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Finding the past
June 9, 2010 5:47 PM   Subscribe

There are some unique finds that tell us about the early lives of people. But of course there are other ways...
posted by rosswald (10 comments total) 8 users marked this as a favorite

 
Unfortunately for would-be makers of ancient honey, heat damaged the bees’ DNA, making it impossible to revive their genes in modern bees.

Good have these people never seen a horror movie before? Sheesh.
posted by The Whelk at 5:49 PM on June 9, 2010


I was hoping for baby pictures.
posted by Navelgazer at 6:10 PM on June 9, 2010


The ha-ha tone of the NYT article is really offputting--apparently a landmark archaeological find is now just fodder for lame S&tC jokes.

Regardless, these three articles are quite interesting and indicate some important breakthroughs in nailing down early human technological achievements.

Thanks, rosswald, for the links.
posted by Chrischris at 6:22 PM on June 9, 2010


The National Geographic's shoe article is a bit more respectful.
posted by jfuller at 7:25 PM on June 9, 2010 [1 favorite]


Yea, that Times article is awful. Since when did their science writing get so flip?
posted by octothorpe at 7:49 PM on June 9, 2010


Yea, that Times article is awful. Since when did their science writing get so flip?

That's the Natalie Angier influence. She's a mainstay of the Time's science section.

When I read the bit about wingtips at the end, I scrolled up specifically to see if it was an Angier piece, because the article hadn't annoyed me as much as an Angier's pieces usually do. The shoe article was much less cutesy that most Angier stuff.

Don't get me wrong: Anger is a decent science journalist and she reports on interesting topics, and so I want read her work. But when I do, it's with this constant background thought of "just get on with it Natalie, the subject is sufficiently interesting in itself that we don't need your wordplay; tell me about the science, not about your cleverness, Natalie".

I bought Angier's book, The Canon: A Whirligig Tour of the Beautiful Basics of Science and was really excited to read it, but couldn't get past the second chapter because I just wanted to rip out about a third of every paragraph, the parts where Natalie "spices it up" with clever or inane asides.

Oh the positive side: Angier taught me how to skim articles.
posted by orthogonality at 1:38 AM on June 10, 2010 [1 favorite]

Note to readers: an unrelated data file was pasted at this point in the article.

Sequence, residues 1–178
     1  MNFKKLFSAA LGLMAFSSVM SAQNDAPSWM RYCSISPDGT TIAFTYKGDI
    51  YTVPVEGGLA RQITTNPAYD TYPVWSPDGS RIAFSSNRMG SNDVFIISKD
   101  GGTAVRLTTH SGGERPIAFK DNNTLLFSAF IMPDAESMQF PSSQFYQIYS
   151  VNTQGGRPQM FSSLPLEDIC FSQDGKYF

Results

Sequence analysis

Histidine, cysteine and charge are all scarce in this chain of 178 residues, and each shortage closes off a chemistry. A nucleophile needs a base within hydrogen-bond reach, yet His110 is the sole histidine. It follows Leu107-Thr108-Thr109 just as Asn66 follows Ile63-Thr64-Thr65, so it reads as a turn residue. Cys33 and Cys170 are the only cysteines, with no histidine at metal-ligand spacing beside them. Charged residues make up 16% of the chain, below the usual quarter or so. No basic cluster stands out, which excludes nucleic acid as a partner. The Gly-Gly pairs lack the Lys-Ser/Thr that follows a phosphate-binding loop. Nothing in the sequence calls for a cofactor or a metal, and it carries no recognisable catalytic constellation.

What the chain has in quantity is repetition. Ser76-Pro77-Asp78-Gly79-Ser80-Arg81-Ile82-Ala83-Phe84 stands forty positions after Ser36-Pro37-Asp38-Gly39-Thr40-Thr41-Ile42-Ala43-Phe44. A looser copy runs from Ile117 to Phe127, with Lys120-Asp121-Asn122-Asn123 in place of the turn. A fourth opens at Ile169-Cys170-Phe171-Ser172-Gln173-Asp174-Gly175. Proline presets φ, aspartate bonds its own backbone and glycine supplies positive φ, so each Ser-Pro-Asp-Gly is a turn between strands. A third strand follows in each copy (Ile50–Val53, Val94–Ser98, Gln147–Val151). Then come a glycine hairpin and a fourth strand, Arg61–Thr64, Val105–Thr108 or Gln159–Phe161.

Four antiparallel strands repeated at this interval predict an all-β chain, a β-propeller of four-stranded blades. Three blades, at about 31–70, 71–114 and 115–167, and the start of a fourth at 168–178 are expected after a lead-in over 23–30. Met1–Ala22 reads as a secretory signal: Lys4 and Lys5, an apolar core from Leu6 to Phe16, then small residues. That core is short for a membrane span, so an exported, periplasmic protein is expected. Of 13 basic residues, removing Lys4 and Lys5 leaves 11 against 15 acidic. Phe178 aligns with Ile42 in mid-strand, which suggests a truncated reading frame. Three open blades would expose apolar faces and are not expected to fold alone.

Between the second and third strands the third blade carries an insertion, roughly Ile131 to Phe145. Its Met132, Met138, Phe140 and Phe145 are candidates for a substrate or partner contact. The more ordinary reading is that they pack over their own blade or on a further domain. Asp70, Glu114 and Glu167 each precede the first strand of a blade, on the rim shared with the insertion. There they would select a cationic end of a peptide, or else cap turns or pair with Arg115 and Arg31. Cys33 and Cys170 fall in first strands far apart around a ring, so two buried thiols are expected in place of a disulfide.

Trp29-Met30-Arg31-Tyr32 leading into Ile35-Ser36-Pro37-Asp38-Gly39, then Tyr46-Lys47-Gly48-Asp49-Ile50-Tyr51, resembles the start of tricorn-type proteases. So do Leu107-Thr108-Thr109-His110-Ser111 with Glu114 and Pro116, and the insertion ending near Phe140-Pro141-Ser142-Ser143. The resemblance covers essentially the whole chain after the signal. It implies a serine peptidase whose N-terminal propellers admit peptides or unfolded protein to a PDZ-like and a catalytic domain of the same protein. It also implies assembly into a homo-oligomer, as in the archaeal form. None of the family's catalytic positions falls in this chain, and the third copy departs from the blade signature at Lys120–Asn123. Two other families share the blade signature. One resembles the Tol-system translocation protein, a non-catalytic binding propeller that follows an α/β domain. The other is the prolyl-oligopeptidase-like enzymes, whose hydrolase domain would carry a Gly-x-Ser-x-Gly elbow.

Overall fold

Belluck is also not a regular science writer. She writes about parenting or something. Why she did this story is beyond me.
posted by etaoin at 5:47 AM on June 10, 2010


Thanks Chrischris and others, I hope you enjoyed the links.

While all of the links stand on their own (maybe not as far as writing), I liked the idea of contrasting the often serendipitous nature of discovery against an ingenious effort at getting around a lack of physical evidence. Or something.
posted by rosswald at 8:24 AM on June 10, 2010


...
Louse specialists now seem at last to have solved the question of how people came by their superabundance of fellow travelers. And in doing so they have shed light on the two major turning points in the history of fashion: when people lost their body hair, and when they first made clothing.

Three kinds of louse call Homo sapiens their home, but each occupies a different niche on the human body. The head louse, Pediculus humanus, lives in the forest of fine hairs on the scalp. Its cousin, the body louse, lives not on the skin but in clothes. And the exclusive territory of the pubic louse, Phthirus pubis, is the coarser hairs of the crotch.

Lice are intimately adapted to their hosts and cannot long survive away from the body's blood and warmth. If their host evolves into two species, the lice will do likewise. So biologists have long been puzzled over the fact that the human head louse is a sister species to the chimpanzee louse, but the pubic louse is closely related to the gorilla louse.
...
-Nicholas Wade NYT

There is an interesting bit about this "change" (focused on the loss of body hair) in a PBS Nova bit called "Becoming Human".

Shared because it uses the word fashion to describe the evolutionary loss of body hair.
(though many places intimate some sort of 'intimate' relation btwn gorilla gorilla and human human... clearly much more likely is some sort of cases of humans 'bedding down' in a gorilla's home.
posted by infinite intimation at 10:18 AM on June 10, 2010


Apes, lice and prehistory(or 'family heirlooms', and 'new aquisitions'):
Human DNA might show 98% similarity to that of chimps, but we share less than 50% of our microbes and parasites with them. Ashford [6] argues that the great apes became more specialized forest dwellers at the same time that early hominids explored the savannah, and that human gut parasites resemble those of omnivorous baboons more than those of chimps because humans, like baboons but unlike chimps, are omnivorous. Further opportunities for horizontal crossover of microbes and parasites from animals to humans arose when humans spread out of Africa. When we domesticated ruminants, and animals such as dogs, cats and rats 'domesticated' us for the rich pickings around human habitation, we acquired many infections from our new neighbors [5,7]. Thus a shared habitat, rather than a shared ancestry, is important for the acquisition of many infections.
posted by infinite intimation at 10:22 AM on June 10, 2010


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